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    1. Hey, that’s a way to do it that I haven’t seen!! I thought this would be the one where they’re braiding a light gray Andalusian and sort of doing a bit of the same concept, with using a piece from the prior mane, but this was even easier with the topsy turvy in there. (I’ve got one at home…) This is a REALLY thick mane. Not sure how it’d work out on Valiosa, but would love to try it. If anyone has done this, I’d love to hear how it stayed in on a horse that shakes pretty hard!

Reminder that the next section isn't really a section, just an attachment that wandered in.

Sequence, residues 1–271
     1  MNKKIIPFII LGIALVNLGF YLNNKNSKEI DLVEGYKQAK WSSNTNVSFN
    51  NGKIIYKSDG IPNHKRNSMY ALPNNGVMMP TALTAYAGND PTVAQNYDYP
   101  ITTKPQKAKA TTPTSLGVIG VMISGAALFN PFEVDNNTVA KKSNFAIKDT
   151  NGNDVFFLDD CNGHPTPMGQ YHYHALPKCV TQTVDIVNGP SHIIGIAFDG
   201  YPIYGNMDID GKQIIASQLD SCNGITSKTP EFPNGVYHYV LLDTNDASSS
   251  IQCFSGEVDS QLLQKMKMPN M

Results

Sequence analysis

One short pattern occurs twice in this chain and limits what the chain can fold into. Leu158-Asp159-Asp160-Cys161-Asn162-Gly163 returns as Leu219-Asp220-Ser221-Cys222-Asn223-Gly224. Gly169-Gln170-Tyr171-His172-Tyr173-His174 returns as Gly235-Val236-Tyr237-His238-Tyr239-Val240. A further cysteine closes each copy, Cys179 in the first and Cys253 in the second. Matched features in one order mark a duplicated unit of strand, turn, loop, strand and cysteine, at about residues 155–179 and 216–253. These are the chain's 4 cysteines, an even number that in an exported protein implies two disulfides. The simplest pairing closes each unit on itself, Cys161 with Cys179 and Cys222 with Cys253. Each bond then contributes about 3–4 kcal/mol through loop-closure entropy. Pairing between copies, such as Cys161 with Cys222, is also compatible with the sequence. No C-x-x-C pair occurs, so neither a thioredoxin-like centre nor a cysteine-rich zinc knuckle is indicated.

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      1. Tried out the new braid system yesterday. Our barn was celebrating its 25th anniversary and we did a quadrille demo for the guests. I hadn’t practiced braiding before yesterday, so it was “learn as you go”. The good news is, my braids and my friend Kim’s braids all stayed in (we were the only two to try this out). Kim’s horse Sydney was a real head-shaker (she was totally pissed at her partner horse and let everybody know it). What I learned is, 1) you need a really long mane–which Charm fortunately has, and so does Kim’s horse. 2) the braiding part should be relatively short, maybe 5 laps max–4 is even better–so you have plenty of long hair left to weave into the next braid and keep it there and the braid itself looks like a nice rosette. 3) if you don’t want the rubber bands to show (I don’t care personally) pull the braid through with the topsy-turvy just below the band so only the loose hair makes it through to the other side. I didn’t time it, but I think it took about 30 minutes for this initial effort which involved figuring things out and will probably be shorter in the future. Best part of all, NO SEWING and really easy to undo at the end of the day. Another note–we both just put in a final long braid when we got to the end of the neck, like you would do for a running braid. Love it love it love it! You will have to start a mane-growing project with Valiosa when show season ends!